This can be quite useful in speech recognition applications. For example, a user manipulation of the mouse can change the state of the application. However, prior to actually changing the state of the application, the application may wish to wait until SR engine 206 has reached the same temporal point in the recognition stream. This allows the application to synchronize with SR engine 206 exactly where the application desires to take action.

FIG. 13 is a flow diagram better illustrating this process. First, the application 202 calls the SpRecoContext object 424 (illustratively the Bookmark method) to set a bookmark within the current recognition stream. This is indicated by block 502. The SpRecoContext object 424 sets the bookmark in the specified stream position as indicated by block 504. When the speech recognition engine 206 reaches the bookmark location, an event is returned to the event queue. This is indicated by block 506. The SpRecoContext object 424 then returns the bookmark event to application 202 as indicated by block 508.

Application 202 can also cause SR engine 206 to pause and synchronize with it in another way. FIG. 14 is a flow diagram which better illustrates this. Application program 202 calls a method (such as the Pause method) exposed by the SpRecoContext object 424 to stop SR engine 206 for synchronization. This is indicated by block 510. On the next call from the SR engine 206 to Site, the SpRecoContext object 424 does not return on that call to the SR engine 206 until the SR application 202 has said to resume recognition. This is indicated by block 512. At that time, the application can do necessary work in updating the state of the active grammar or loading another grammar to be used by SR engine 206 as indicated by block 514. During the pause mode, the SR engine 206 still calls the sync method exposed by Site 428, and asks it for updates to its active grammar as discussed above. This is indicated by block 516. After the synchronization has been completed, the SpRecoContext object 420 returns to the application 202 and the application calls Resume on SpRecoContext object 420. This is indicated by block 518. In response, SpRecoContext object 424 returns on the SR engine call so that the SR engine can continue processing.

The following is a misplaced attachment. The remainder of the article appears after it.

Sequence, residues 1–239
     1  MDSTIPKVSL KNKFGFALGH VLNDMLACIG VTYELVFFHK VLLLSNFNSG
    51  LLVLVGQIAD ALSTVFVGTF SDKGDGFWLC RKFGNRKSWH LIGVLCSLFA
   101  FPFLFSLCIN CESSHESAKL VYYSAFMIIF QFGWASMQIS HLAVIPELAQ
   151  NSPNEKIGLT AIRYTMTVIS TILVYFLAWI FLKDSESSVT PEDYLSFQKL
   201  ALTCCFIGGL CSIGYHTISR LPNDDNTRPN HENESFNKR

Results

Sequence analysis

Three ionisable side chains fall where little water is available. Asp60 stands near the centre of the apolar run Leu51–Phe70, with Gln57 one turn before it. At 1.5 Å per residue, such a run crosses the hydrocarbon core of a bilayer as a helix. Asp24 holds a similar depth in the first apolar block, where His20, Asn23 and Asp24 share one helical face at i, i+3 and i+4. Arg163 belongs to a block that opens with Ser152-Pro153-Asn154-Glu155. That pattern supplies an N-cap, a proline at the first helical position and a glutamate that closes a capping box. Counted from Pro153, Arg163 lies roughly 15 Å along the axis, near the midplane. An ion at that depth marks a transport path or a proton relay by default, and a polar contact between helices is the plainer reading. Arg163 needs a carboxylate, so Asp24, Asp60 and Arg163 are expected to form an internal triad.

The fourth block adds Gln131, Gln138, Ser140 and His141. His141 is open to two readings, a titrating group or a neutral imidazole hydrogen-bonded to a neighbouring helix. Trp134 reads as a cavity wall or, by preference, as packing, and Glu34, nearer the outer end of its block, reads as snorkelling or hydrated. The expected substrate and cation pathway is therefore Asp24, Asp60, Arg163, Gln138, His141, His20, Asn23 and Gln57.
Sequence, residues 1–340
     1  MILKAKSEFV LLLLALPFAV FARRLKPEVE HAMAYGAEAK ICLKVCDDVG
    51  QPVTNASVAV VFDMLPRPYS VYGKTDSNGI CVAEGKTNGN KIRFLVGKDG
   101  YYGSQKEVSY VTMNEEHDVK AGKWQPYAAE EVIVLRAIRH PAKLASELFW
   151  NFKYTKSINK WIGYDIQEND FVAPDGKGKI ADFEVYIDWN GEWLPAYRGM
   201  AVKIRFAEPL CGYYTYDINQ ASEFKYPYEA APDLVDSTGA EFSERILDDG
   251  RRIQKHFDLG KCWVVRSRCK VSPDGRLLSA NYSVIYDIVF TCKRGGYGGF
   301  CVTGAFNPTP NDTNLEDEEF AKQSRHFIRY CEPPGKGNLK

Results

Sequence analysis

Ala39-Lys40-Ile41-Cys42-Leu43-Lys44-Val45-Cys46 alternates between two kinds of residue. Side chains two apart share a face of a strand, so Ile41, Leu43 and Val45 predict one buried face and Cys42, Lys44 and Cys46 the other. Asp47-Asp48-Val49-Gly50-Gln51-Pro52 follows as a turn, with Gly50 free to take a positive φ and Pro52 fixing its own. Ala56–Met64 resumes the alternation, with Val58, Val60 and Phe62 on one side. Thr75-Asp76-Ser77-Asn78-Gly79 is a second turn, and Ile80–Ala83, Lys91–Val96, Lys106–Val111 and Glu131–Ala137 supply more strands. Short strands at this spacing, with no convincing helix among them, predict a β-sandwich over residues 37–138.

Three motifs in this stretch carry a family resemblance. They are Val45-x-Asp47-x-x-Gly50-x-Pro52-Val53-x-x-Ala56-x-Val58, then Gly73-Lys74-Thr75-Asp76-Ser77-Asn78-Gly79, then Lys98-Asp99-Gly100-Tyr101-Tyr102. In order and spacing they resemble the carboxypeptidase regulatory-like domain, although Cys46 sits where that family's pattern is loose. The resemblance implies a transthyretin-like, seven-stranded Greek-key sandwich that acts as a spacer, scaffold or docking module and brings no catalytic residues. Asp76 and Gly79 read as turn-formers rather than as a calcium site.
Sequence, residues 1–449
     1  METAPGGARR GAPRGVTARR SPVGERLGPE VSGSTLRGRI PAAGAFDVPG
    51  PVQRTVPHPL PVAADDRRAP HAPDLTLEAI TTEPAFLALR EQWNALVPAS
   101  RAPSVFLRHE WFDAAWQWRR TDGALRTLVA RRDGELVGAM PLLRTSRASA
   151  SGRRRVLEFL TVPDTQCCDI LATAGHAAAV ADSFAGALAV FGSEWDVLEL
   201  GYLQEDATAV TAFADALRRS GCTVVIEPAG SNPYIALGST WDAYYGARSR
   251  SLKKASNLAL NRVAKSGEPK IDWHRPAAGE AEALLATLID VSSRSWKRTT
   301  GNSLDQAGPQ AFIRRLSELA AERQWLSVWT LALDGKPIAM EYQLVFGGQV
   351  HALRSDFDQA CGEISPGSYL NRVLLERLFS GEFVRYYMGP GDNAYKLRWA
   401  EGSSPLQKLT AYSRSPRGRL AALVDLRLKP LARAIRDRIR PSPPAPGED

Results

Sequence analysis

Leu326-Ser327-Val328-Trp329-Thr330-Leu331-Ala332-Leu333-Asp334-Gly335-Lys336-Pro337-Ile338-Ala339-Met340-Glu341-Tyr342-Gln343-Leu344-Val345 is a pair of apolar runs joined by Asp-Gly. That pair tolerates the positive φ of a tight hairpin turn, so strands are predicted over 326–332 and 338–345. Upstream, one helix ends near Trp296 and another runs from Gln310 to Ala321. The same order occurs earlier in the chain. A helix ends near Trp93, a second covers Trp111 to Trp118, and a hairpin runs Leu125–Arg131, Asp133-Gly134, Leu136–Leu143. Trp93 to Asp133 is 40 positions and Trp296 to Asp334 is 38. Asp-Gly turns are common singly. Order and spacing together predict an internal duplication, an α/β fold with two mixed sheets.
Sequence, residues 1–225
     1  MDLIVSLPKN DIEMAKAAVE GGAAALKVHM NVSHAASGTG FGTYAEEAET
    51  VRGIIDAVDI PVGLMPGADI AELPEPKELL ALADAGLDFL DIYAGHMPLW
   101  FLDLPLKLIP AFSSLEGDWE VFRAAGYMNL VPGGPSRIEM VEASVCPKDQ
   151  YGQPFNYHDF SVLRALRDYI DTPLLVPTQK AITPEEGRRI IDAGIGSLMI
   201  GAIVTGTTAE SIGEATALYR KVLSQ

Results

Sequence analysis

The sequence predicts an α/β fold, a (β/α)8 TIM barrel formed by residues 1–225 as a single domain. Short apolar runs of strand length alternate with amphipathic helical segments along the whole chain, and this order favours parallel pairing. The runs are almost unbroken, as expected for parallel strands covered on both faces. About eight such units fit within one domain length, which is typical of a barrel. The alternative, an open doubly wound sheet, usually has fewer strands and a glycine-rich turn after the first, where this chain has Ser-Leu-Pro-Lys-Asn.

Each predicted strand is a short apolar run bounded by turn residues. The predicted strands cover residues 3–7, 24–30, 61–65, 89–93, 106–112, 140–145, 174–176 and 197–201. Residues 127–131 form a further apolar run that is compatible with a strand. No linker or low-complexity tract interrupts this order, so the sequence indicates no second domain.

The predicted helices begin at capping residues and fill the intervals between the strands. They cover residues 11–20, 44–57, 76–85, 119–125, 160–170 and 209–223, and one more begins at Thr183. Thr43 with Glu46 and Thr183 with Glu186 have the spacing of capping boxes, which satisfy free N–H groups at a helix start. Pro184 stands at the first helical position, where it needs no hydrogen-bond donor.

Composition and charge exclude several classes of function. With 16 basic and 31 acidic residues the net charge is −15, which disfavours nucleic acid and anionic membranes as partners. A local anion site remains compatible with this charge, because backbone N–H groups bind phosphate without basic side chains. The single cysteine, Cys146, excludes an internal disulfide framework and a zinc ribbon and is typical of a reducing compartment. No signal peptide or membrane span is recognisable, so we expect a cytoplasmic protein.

FIG. 15 is another flow diagram illustrating yet another way in which SR engine 206 can synchronize with application 202. Individual rules in the SpRecoGrammar object 426 can be tagged as autopause rules. When SR engine 206 recognizes one of these rules, the SR engine 206 is set into a pause state while the application 202 changes grammars. When the application is finished and calls resume, the SR engine now has the appropriate grammar to continue recognition.

Therefore, SR engine 206 first returns a result to Site 428. This is indicated by block 520. The SpRecoContext object 424 calls Site 428 to find that the rule which fired to spawn the recognition is an autopause rule. This is indicated by block 522. The SpRecoContext object 424 then notifies application 202 and does not return on the SR engine 206 at that time. This effectively pauses SR engine 206, and audio input is buffered in the meantime. This is indicated by block 524.

During this pause state, application 202 updates the grammar rules, words, transitions, etc., as desired. This is indicated by block 526. Because a recognition event is also a synchronize event, SR engine 206 still calls Site 428 while in the pause mode. This is indicated by block 528. Thus, the SR engine obtains the updated state of its active grammar.